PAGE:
Ted Persson is one of the most interesting and creative thinkers in the Nordic tech scene. Currently a Design Partner with Swedish private equity group, EQT, he previously founded digital agency Great Works, as well as Our/Vodka, a global vodka made by local people in cities around the world run by Pernod Ricard. We met a few years back while I was working on the board of his agency’s parent company, the North Alliance. Reconnecting in Stockholm, we talked about the secrets of Swedish startup success, how brands are changing the way they think about data, and the broader impact of AI on the creative professional.
Juan Senor is somewhat of an international man of mystery. We met in Guayaquil in Ecuador, but it was in the more salubrious settings of the Oxford and Cambridge Club in London that we re-connected most recently. A former foreign affairs reporter and business program host, conversant in six languages, and a partner in a consulting firm that helps newspapers reinvent themselves, Juan had just returned from an expedition in Antartica to study climate change. An appropriate context, perhaps, for our discussion about what the ailing print media industry might do to also save itself.
Do you give 100% at work, at school, and at home? Some people probably think of giving 100% this way: 12% for Monday, 23% for Tuesday, 40% for Wednesday, 20% for Thursday, 5% for Friday = 100%. Too many people coast through life, only doing what is required to get by. Giving 100%, 100% of the time is the effort required to stop getting by and start getting ahead. It is the difference between playing not to lose and playing to win.
Living by design and not default. Giving 100% will separate you from the rest. It will build your integrity and your results.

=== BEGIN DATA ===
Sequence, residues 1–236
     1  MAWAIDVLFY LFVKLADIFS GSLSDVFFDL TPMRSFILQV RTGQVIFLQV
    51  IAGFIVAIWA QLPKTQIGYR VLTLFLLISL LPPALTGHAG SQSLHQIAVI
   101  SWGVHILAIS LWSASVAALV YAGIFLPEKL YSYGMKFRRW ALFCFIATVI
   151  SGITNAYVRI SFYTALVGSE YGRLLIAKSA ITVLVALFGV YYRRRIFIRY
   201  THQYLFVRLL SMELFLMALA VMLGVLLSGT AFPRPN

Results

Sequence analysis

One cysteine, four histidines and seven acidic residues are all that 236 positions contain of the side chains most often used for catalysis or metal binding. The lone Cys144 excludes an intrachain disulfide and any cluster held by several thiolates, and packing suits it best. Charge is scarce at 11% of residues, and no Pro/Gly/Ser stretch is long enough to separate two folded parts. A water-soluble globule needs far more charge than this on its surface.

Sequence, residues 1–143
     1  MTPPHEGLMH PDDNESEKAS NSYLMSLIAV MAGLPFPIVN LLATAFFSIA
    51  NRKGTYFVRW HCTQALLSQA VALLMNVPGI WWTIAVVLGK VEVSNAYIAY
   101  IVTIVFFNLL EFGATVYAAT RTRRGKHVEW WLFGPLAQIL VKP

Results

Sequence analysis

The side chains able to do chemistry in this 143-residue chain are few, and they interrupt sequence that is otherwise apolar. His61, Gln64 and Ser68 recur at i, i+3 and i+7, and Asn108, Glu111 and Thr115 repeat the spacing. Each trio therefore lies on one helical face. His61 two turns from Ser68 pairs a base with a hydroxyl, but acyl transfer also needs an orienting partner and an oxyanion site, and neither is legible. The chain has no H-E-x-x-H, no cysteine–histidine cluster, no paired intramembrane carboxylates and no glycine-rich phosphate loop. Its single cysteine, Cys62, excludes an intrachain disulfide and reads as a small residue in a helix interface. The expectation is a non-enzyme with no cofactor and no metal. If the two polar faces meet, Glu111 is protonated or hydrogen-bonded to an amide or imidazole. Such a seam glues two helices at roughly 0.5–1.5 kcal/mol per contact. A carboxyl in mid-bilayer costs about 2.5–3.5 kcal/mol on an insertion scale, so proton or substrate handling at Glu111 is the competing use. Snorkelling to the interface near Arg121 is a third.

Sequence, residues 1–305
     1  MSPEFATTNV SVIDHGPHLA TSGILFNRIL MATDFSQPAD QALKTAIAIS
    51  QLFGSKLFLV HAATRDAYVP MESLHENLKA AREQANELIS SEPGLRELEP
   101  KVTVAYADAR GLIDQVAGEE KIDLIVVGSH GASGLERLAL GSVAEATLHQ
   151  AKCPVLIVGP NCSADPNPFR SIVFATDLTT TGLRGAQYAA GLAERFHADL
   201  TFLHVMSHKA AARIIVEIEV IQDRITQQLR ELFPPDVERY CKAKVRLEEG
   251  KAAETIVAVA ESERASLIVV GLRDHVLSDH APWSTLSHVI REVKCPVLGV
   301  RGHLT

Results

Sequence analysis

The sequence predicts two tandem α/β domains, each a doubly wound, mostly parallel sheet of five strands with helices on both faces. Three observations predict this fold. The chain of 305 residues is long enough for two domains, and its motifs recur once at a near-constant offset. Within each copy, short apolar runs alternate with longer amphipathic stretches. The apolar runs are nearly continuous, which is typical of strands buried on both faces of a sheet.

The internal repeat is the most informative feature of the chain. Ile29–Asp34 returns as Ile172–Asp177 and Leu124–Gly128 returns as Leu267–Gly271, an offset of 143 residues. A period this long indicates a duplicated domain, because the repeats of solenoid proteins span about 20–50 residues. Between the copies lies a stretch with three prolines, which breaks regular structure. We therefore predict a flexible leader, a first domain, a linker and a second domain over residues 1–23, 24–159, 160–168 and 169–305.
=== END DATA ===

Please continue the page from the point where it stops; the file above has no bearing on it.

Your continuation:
John Wooden was one of the greatest basketball coaches of all time. His ten NCAA national championships in a 12-year period while at UCLA are unmatched by any other college basketball coach. John used to tell his players, “Give 100% today, because you can’t make up for it by giving 110% tomorrow. You don’t have 110%, you only have 100%, and that’s what I want from you right now.”
Giving 100%, 100% of the time builds a reputation of dependability. It allows you to build your character and your capacity. It is an investment in integrity that will transform your results. Patricia Aburdene, author of “Megatrends 2010” said, “Transcendent values like trust and integrity, literally translate into revenue, profits and prosperity.”
Give 100%, 100% of the time and you will gain respect and a reputation for getting things done.
Nikolaj Nyholm is one of the most prolific European entrepreneurs and investors. When I first met him many years ago, he was on the verge of selling his pioneering image recognition company, Polar Rose, to Apple. Previously, he also founded Speednames/Ascio (acquired by Group NBT) and Imity (acquired by Zyb/Vodafone). Nikolaj’s new passion is gaming. His latest venture is RFRSH, an esports marketing and media rights company working with a growing number of the best player-owned esports teams including Astralis, Godsent, Heroic, and Norse. I caught up with Nikolaj at his brand new elite, training facility in Copenhagen to talk about the future of professional gaming, digital branding and the art of avoiding tilting.
I met Kjell Nordström a number of years ago in Oslo. He and his colleague Jonas Ridderstrale, had together written the international bestselling book, ‘Funky Business’, and were the undisputedly bald, brilliant rockstars of Swedish innovation. Fortunately, I was able to catch Kjell once more, while I was visiting Norway last week. Currently a Professor at the Institute of International Business (IIB) at the Stockholm School of Economics, Kjell is an expert on global markets, big ideas and creativity. We spoke about his latest book, ‘Urban Express’, co-authored with Per Schlingmann, which details why the future belongs to cities, women and new types of global organizations.